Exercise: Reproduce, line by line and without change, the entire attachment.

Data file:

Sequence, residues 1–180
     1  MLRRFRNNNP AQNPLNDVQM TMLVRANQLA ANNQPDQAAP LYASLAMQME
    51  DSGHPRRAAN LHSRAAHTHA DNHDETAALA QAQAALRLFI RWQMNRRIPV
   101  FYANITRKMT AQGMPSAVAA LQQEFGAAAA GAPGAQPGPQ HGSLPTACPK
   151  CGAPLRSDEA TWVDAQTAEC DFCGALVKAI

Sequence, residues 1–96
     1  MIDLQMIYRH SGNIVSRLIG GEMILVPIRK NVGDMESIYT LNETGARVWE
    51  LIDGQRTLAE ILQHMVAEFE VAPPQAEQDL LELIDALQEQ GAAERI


Sequence, residues 1–180
     1  MLRRFRNNNP AQNPLNDVQM TMLVRANQLA ANNQPDQAAP LYASLAMQME
    51  DSGHPRRAAN LHSRAAHTHA DNHDETAALA QAQAALRLFI RWQMNRRIPV
   101  FYANITRKMT AQGMPSAVAA LQQEFGAAAA GAPGAQPGPQ HGSLPTACPK
   151  CGAPLRSDEA TWVDAQTAEC DFCGALVKAI

Sequence, residues 1–96
     1  MIDLQMIYRH SGNIVSRLIG GEMILVPIRK NVGDMESIYT LNETGARVWE
    51  LIDGQRTLAE ILQHMVAEFE VAPPQAEQDL LELIDALQEQ GAAERI